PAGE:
Would Dzeko have finished from there? Roma wouldn’t have to rue their missed opportunity for long. The former Manchester City striker scored his first on 39 minutes, killing Daniele De Rossi’s lob before stroking past Ciprian Tatarusanu in the Fiorentina goal.

Indeed, Dzeko’s weight of touch belied his 6 foot 4 frame but Bruno Sanchez should have shrugged him off the ball.

By the time Fazio netted with 58 minutes gone, Fiorentina looked down and out. De Rossi whipped in an inswinging free kick which Fazio nodded in across goal. The defender wanted the ball more than anyone else, while De Rossi impressed with his second assist of the evening.

After the hour mark, Roma picked up the tempo. Nainggolan dribbled through tight spaces, and Stephan El Shaarawy carried the ball with intent. 

Dzeko was everywhere. He cut out a Sanchez back-pass and swiped wide. He flicked a header towards Fazio, who couldn’t quite stretch enough to head in his second.

As Fiorentina continued to crumble, Naingollan took full advantage. The Belgian scored a third on 75 minutes when, in one airborne motion, he brought down a Strootman lob with the outside of his boot and slammed in past Tatarusanu.  

Few defences can live with Nainggolan in this kind of mood and the same can be said of Dzeko, who became Serie A’s top scorer with his second of the match and 17th of the season on 83 minutes.

Sanchez played another suicide ball in the air towards Davide Asotri, who Dzeko easily muscled past to slide in the winner. Roma were rampant but it’s hard to decide which team 4-0 flattered the most.



Monday, 23 January 2017

Costa and Chelsea unite to hold off Hull

Diego Costa and Chelsea appear to be on the same page again after the Spanish international scored to help the west Londoners hold off Hull on Sunday.

Costa, who returned to the side after being dropped amid rumours of a training ground bust-up, rammed home Victor Moses’s cross before Gary Cahill’s header sealed the three points.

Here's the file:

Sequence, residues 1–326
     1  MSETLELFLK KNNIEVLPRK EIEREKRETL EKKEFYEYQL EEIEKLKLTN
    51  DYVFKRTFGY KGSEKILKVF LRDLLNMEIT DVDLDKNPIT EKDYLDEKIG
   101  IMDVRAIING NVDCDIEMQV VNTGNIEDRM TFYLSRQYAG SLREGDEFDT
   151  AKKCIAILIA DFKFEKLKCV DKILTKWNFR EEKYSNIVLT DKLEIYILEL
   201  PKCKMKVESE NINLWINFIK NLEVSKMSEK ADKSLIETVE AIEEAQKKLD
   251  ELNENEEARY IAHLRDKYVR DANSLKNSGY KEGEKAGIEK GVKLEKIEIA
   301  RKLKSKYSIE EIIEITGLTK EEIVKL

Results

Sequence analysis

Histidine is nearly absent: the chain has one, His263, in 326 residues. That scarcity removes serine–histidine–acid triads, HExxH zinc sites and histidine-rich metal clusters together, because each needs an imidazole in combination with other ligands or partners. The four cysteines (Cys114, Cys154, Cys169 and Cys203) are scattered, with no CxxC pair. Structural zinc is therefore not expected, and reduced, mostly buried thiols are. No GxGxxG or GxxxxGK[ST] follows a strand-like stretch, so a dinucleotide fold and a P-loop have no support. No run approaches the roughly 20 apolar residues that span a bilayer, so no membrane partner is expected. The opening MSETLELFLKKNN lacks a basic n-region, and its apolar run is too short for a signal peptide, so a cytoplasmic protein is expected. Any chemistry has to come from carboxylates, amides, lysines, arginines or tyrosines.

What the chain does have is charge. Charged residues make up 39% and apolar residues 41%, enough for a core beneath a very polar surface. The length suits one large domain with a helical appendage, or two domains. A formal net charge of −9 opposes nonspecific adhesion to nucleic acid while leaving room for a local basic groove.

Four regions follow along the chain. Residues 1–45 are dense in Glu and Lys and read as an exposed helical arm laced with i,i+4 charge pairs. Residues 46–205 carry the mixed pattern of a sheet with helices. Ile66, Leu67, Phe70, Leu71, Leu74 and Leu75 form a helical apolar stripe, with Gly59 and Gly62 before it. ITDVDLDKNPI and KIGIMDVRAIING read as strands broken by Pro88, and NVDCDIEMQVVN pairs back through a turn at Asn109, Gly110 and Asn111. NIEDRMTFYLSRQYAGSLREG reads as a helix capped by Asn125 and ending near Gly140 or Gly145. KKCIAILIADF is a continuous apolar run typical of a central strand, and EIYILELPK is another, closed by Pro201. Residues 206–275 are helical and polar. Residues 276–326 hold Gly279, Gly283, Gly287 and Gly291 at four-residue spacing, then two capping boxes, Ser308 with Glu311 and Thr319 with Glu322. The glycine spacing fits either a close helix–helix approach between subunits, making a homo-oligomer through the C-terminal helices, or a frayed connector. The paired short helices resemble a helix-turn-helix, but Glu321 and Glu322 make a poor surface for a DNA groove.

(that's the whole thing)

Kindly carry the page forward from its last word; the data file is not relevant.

Ironically enough, the man who was exiled was Chelsea’s best player as Hull looked much better than a side occupying nineteenth in the table.

Costa took his chance when it mattered, but Harry Maguire was a threat for the visitors through the match, while Tom Huddlestone and Sam Clucas lined up through-balls that should have been gobbled up by Abel Hernandez.

But even on an off day, Costa’s teammates are more than capable of grinding out victories. It’s that sort of coolness under pressure that Pep Guardiola and Manchester City would kill for at the moment.

With an eight point lead at the top of the table, Costa and Chelsea sent a statement to Arsenal, Tottenham Hotspur and the chasing pack: whatever happens, we will always produce on the pitch.

They were made to work though. Although Hull trailed by a goal at half time, Maguire dribbled with intent and drew saves from Thibaut Courtois with a swipe across goal, a tame header and a 25-yard bullet. At times it felt like Maguire wanted a ball of his own. His battle with Courtois dominated the first half.

But the visitors suffered earlier when Ryan Mason was stretchered off injured after bashing heads with Cahill. Costa added to their woes, finishing Moses’ cut-back after a skillful dummy by the Belgian, Eden Hazard.

Maguire continued to stand out and Hernandez should have got a penalty when he was hacked from behind by Marcos Alonso. While Marcos Silva’s team kept the ball well in the second half, Antonio Conte regained Chelsea’s control by bringing on Cesc Fabregas in place of Hazard.

Fabregas lofted a free kick from the left which sailed over everyone apart from Cahill, who ghosted in at the far post to head in one of the most stress-free goals he’ll ever score.

And if Costa does stay at Stamford Bridge – and it looks like he will, for now at least – his exchanges with Fabregas will be crucial to Chelsea’s march to the title.

The Premier League’s joint scorer fired straight at Eldin Jakupovic in the Hull goal after Fabregas slid him through beautifully.

There was enough time left for Hull’s Everton loannee, Oumar Niasse, to turn and shoot but Chelsea held out to keep the clean sheet.

Moving forward, Conte has crunch Premier League matches against Liverpool and Arsenal in the next two weeks, but they will start as favourites in both if Costa continues his revival.